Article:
AT&T Building Nationwide Broadband Cellular Network for 1st Responders
AT&T has been selected by the U.S. Commerce Dept. to build the first nationwide wireless broadband network dedicated to America’s first responders. This record-breaking public-private partnership is a significant investment in the communications infrastructure that public safety desperately needs for day-to-day operations, disaster response and recovery, and securing of large events. It will also make 20 MHz of prime broadband spectrum available for private-sector development.
“Today is a landmark day for public safety across the Nation and shows the incredible progress we can make through public-private partnerships,” said U.S. Department of Commerce Secretary Wilbur Ross. “FirstNet is a critical infrastructure project that will give our first responders the communications tools they need to keep America safe and secure. This public-private partnership will also spur innovation and create over ten thousand new jobs in this cutting-edge sector.”
The broad terms of this 25-year agreement between FirstNet and AT&T are:
- FirstNet will provide 20 MHz of high-value, telecommunications spectrum and success-based payments of $6.5 billion over the next five years to support the Network buildout – FirstNet’s funding was raised from previous FCC spectrum auctions;
- AT&T will spend about $40 billion over the life of the contract to build, deploy, operate and maintain the network, with a focus on ensuring robust coverage for public safety;
- Additionally, AT&T will connect FirstNet users to the company’s telecommunications network assets, valued at more than $180 billion.
The FirstNet network will be designed to give priority to first responders, said FirstNet President T.J. Kennedy. Through special SIM cards inserted in their phones, police, fire and medical officers will be better able to communicate with one another. Much like current technology, the new network will allow them to send and receive video, data and voice calls before they reach a crisis area. But that information will arrive uninterrupted and in real time.
“They will always be prioritized. They’re always at the front of the line,” Kennedy said. “This happens inside the network at the millisecond level.”
FirstNet is administered by the U.S. Commerce Department and was proposed in the years after Sept. 11, 2001, when emergency workers responding to the day’s terrorist attacks struggled to communicate across clogged channels and incompatible technologies.
Under the contract, AT&T will spend $40 billion of its own money deploying FirstNet. It will also receive $6.5 billion from the federal government at the end of five years if it successfully meets a number of milestones designed to fast-track the project. The government is awarding the company with as much as 20 megahertz of new wireless airwaves that AT&T intends to integrate into the service. That “spectrum,” will expand the network’s capacity and help ensure that communications do not fail.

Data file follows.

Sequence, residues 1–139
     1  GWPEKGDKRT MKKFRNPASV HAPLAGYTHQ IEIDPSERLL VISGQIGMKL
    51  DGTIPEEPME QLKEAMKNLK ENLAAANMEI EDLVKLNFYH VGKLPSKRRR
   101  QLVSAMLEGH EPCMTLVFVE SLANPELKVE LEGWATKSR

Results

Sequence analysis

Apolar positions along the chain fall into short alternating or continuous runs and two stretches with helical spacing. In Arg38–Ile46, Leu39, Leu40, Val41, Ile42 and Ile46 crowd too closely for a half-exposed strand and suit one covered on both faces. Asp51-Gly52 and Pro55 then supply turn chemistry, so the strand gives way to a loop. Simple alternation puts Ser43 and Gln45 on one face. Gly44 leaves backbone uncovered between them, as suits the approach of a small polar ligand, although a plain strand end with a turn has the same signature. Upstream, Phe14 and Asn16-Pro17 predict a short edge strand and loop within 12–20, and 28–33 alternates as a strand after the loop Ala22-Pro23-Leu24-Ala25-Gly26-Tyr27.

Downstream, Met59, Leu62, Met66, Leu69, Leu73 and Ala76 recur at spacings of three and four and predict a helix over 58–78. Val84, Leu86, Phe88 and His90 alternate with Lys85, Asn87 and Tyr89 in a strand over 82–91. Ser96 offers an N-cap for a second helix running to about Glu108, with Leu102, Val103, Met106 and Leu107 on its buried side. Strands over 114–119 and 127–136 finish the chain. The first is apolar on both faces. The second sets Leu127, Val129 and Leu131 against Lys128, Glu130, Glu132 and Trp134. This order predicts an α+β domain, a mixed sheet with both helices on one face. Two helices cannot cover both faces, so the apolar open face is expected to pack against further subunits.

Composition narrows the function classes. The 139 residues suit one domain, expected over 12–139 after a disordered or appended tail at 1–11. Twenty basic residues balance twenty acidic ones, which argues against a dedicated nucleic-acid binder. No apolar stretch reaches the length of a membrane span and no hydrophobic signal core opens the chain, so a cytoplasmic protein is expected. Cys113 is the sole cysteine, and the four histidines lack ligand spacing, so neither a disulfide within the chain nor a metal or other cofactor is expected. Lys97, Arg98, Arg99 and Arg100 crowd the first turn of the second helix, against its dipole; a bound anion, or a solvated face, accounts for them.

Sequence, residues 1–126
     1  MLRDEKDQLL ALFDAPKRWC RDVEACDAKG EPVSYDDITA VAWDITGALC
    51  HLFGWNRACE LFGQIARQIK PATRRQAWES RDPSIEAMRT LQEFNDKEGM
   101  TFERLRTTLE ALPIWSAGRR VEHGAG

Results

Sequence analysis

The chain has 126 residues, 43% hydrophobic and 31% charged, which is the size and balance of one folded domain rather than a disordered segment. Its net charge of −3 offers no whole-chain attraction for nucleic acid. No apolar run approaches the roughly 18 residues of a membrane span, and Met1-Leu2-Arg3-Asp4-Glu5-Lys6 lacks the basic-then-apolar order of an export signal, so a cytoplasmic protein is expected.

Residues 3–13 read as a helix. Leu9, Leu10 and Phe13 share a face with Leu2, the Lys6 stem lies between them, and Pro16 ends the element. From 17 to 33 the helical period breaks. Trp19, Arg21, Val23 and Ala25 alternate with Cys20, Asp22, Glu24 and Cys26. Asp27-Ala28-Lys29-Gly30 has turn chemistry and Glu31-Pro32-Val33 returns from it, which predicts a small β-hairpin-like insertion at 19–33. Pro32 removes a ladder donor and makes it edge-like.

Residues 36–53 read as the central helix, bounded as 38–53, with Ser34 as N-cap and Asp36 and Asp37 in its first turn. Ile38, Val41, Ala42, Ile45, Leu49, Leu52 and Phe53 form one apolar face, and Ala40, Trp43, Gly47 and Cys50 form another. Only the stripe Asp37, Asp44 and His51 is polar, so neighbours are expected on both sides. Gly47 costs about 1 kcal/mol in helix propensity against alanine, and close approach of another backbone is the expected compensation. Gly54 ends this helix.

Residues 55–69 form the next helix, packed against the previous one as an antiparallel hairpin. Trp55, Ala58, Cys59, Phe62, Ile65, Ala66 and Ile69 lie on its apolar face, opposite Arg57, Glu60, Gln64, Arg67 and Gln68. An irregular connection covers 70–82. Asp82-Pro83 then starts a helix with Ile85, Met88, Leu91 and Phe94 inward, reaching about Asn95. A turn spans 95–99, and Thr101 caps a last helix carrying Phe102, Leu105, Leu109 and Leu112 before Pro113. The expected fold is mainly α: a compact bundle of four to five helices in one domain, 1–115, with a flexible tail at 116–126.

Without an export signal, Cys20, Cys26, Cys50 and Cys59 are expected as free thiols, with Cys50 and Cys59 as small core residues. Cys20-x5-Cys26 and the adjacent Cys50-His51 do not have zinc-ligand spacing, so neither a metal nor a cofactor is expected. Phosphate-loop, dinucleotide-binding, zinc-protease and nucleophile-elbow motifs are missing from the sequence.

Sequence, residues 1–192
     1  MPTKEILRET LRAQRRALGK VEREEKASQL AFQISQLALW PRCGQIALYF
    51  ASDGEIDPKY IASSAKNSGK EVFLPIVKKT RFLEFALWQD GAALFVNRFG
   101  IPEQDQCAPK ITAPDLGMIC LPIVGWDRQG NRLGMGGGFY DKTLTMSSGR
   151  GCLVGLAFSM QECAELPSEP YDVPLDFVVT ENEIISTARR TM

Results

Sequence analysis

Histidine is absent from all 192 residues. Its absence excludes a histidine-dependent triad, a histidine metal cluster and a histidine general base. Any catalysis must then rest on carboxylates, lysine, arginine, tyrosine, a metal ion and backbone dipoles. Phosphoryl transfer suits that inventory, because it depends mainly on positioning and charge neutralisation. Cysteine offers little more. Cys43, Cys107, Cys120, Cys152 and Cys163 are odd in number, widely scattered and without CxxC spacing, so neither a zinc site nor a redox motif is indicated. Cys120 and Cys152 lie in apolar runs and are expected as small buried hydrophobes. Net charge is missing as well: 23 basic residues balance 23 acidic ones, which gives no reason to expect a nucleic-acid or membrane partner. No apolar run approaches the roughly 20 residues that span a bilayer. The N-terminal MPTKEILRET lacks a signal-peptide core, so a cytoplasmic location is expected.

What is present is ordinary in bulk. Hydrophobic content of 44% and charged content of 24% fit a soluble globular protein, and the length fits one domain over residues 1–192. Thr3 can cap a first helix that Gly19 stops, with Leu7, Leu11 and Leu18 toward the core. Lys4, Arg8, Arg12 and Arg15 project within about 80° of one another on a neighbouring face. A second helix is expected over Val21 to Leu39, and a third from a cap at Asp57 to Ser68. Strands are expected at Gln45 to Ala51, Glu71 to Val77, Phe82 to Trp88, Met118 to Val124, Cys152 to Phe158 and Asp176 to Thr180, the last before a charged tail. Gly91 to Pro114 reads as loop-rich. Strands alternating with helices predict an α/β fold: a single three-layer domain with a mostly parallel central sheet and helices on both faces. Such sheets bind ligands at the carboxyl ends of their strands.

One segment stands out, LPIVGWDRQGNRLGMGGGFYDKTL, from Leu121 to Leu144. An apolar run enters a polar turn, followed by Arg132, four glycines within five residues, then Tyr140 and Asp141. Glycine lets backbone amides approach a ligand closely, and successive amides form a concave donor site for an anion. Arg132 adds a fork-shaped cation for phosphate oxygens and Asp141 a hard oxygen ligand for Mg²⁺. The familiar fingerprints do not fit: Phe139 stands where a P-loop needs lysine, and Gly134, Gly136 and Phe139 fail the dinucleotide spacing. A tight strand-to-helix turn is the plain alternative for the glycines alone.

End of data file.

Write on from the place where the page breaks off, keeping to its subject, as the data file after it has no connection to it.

The ability to communicate seamlessly across jurisdictions is critical for law enforcement, fire, and emergency medical services (EMS) when securing large events or responding to emergencies and disasters. In those instances, networks can become overloaded and inaccessible, limiting responders’ use of vital communication technologies, such as smartphones and applications dedicated to public safety services.
That will change with a high-speed network built specifically for the millions of public safety users in all 50 states, 5 U.S. territories and the District of Columbia, including those serving rural communities and tribal lands. The Network will modernize first responders’ communications and deliver specialized features that are not available to them on wireless networks today.
“This public-private partnership is a major step forward for the public safety community as we begin building the broadband network they fought for and deserve,” said FirstNet Chair Sue Swenson. “FirstNet and AT&T will deliver high-speed connectivity to help millions of first responders operate faster, safer, and more effectively when lives are on the line.”
“It’s not going to be a build-from-scratch type of thing,” said FirstNet chief executive Mike Poth. “So it’s a win for us and public safety because it’s going to accelerate the time to market.”
To take advantage of the network’s capabilities, public safety departments will need to buy a subscription to FirstNet. Automatically included is the preemption feature, which is among the most-requested by first responders, said Chris Sambar, AT&T’s senior vice president for FirstNet. Mr. Sambar declined to say how expensive the rate plans will be but said that they would be priced “below market [rates].”
Designing a system such as FirstNet has taken years because of the sheer number of public safety departments in the United States who expect to use the network, according to an industry official who spoke on the condition of anonymity because details of the project remain private.
“It’s been a long hard slog, because it’s complicated technically to think about building a network like this,” the official said. “We’ll see how it goes, but obviously AT&T’s serious about it and it has the potential to be a big win for public safety.”